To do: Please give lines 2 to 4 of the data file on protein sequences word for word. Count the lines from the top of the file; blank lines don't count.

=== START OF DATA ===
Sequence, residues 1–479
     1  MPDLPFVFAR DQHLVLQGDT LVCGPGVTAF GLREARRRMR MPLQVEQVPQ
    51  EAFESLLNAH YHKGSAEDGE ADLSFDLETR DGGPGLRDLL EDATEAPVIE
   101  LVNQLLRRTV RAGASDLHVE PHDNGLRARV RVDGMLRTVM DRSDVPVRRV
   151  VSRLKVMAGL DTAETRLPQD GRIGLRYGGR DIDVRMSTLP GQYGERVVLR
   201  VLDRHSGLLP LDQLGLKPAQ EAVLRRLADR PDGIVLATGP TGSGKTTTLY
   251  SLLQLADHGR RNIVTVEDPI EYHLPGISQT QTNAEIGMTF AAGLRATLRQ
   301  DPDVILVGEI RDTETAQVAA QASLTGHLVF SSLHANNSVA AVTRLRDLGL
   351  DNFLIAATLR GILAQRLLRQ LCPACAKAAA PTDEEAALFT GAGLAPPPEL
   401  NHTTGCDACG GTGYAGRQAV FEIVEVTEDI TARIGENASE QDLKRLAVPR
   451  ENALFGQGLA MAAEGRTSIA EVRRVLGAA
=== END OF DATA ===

     1  MPDLPFVFAR DQHLVLQGDT LVCGPGVTAF GLREARRRMR MPLQVEQVPQ
    51  EAFESLLNAH YHKGSAEDGE ADLSFDLETR DGGPGLRDLL EDATEAPVIE
   101  LVNQLLRRTV RAGASDLHVE PHDNGLRARV RVDGMLRTVM DRSDVPVRRV